Linzey is the author of Be The Change: How to Get What You Want in Your Community (Gibbs-Smith 2009), the author of On Community Civil Disobedience in the Name of Sustainability (PM Press 2016), and the co-author of We the People: Stories from the Community Rights Movement in the United States (PM Press 2016). He was a co-host of Democracy Matters, a syndicated public affairs radio show broadcast from KYRS in Spokane, Washington. He was featured in Leonardo DiCaprio and Tree Media’s film 11th Hour and We the People 2.0 (Official Selection of the Seattle International Film Festival), assisted the Ecuadorian constitutional assembly in 2008 to adopt the world’s first constitution recognizing the independently enforceable Rights of Nature, and is a frequent lecturer at conferences across the country.
Linzey’s work has been featured widely, including in the New York Times, the Los Angeles Times, Mother Jones, and the Nation magazine. In 2007, he was named one of Forbes Magazine’s “Top Ten Revolutionaries,” and he was named one of the top 400 environmentalists of the last 200 years in the two-volume encyclopedia, American Environmental Leaders (3rd Ed. Grey House Publishing 2018). He is currently working on a new book, ‘Modern American Democracy (and other fairy tales)’ .
About Patricia Johnson-Castle, Co-Chair, (She/They) from Climate Action Newfoundland & Labrador – CANL
Patricia Johnson-Castle is Nunatsiavummiuk (Inuk from Nunatsiavut), as well as of British and German descent. Her grandmother, Julia, was a Tishialuk girl. Patricia grew up as a townie but has been living in Nain, Nunatsiavut for 2 years. Living outside the overpass in her ancestral home was pivotal in gaining a fuller understanding of the dynamics of oppression that are maintained in this Province from the erasure and isolation of Indigenous communities to the consequences of intergenerational wealth of the merchant fisheries system. A better Province is possible, we have the power, we just have to use it.
About The Center for Democratic and Environmental Rights – CDER
Based in Spokane, Washington, the Centre for Democratic and Environmental Rights (CDER) aims to shift how we relate to nature. With increasing environmental crises, CDER calls on us to change our ways of governance as we focus on the protection of human and natural communities. CDER works with grass roots organizations such as SJCNL to protect our rights to a healthy environment, and to protect the rights of nature itself. Since governments and corporations often thwart the efforts of environmental protectors, CDER calls on all of us to strengthen our democratic rights so that we have the authority to protect nature.
Since 2006, CDER has partnered with communities, countries, and tribal nations to establish laws to recognize and protect the legal rights of nature. As their mission gains momentum, for the first time, nature has legal rights in several locations globally; people can defend these rights on behalf of the World.
About Climate Action Newfoundland/Labrador–CANL
Climate Action Newfoundland & Labrador (CANL) is a group within the Social Justice Co-op who stands for a livable planet and fights for the future by reconnecting people with nature, fostering community building and innovating solutions for taking immediate action to stop climate change.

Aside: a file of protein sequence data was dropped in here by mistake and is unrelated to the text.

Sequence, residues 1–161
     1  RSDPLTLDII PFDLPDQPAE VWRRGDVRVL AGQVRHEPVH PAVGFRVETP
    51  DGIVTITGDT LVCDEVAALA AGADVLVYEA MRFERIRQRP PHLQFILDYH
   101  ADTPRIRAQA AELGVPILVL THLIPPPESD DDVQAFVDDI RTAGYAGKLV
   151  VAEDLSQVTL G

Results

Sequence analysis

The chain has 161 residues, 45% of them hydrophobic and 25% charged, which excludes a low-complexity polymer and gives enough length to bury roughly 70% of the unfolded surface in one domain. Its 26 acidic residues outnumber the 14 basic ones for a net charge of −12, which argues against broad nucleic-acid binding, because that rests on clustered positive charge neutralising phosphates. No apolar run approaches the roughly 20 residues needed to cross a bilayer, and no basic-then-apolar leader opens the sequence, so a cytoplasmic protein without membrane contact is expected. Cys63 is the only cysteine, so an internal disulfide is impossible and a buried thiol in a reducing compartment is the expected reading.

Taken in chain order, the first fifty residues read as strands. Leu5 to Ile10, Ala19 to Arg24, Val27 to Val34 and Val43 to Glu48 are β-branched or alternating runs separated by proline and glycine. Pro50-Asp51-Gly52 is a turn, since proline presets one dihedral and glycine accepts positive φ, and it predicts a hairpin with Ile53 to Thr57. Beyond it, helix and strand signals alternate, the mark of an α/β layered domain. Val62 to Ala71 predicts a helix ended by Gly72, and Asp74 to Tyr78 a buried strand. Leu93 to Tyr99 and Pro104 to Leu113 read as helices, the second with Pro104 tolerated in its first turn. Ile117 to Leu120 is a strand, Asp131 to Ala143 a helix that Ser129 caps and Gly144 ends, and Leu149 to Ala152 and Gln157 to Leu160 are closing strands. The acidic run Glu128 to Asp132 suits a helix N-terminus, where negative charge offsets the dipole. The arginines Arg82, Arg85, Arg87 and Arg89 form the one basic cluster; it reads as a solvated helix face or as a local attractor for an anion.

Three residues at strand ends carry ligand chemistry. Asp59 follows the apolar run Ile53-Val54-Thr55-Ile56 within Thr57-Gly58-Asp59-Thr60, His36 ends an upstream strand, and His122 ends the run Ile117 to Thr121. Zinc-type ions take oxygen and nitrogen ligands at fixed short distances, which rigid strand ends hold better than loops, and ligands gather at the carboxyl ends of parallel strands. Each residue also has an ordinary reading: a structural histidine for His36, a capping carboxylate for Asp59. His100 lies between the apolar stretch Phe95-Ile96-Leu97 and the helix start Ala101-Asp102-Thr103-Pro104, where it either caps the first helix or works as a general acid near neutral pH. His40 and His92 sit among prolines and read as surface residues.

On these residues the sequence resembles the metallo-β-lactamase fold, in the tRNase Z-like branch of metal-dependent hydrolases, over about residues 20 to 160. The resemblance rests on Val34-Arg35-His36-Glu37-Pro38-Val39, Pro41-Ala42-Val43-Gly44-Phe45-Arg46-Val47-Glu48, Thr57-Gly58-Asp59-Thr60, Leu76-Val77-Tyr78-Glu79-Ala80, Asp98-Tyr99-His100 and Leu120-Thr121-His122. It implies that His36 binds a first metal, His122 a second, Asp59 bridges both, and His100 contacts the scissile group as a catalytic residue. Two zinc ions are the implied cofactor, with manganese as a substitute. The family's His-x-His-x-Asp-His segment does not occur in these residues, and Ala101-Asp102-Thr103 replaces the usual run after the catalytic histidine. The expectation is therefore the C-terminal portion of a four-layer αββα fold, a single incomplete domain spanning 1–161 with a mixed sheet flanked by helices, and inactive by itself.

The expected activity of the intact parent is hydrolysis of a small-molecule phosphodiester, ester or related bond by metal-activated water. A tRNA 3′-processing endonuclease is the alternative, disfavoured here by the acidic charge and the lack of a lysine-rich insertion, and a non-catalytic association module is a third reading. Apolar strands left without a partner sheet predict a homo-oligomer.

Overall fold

(!) It’s [ CODE: RED ] for Newfoundland & Labrador and all of humanity. People and the planet are under threat. Canada declared a National Climate Emergency June 17, 2019, and the city of St. John’s, NL declared a Climate Emergency November, 4, 2019 …as Canada continues to warm at over twice the global rate, with an over 7°C increase projected for parts of Newfoundland & Labrador by 2050 (compared to 2000).
“Global heating is affecting every region on Earth, with many of the changes becoming irreversible.” ~United Nations, August 9, 2021
Good news is:
> It’s possible to avoid the worse affects of climate change and build a better future for Newfoundland & Labrador – with it being extremely important people stay informed about environmental problems and act now to fix them. YOU are the #1 solution to climate change.
In that spirit, we are currently working on a number of new initiatives, including development of a NL Climate Leadership Program, various Climate Projects (like the Atlantic Ocean Bill of Rights), and a Climate Library & Resources for helping us all work together. So stay tuned!
For the ❤️ of Nfld & Lab. ‘Be a Force for Nature’ …because there is NO 2nd Newfoundland & Labrador. Join us and take action today! We meet Wednesdays, 7 pm NST / 6:30 AST – Zoom link on the SJC Calendar.
Mobilized is a leading experiential multimedia network focusing on real worldwide solutions, not for 2030, not for 2050, Now! Our flagship TV series Mobilized News appears on Free Speech TV several times weekly as well as Streaming on Demand.
A weekly series produced by Steven Jay and hosted by Jeff Van Treese, Mobilized takes a deep look at our world, the consequences of human activity on our planet, and how we can reverse and prevent existing and future crises from occurring. Mobilized reveals life on our planet as a system of systems which all work together for the optimal health of the whole. The show delves into deep conversations with change-makers so people can clearly take concerted actions.
We produce several multimedia experiences yearly, providing a front row seat to people worldwide: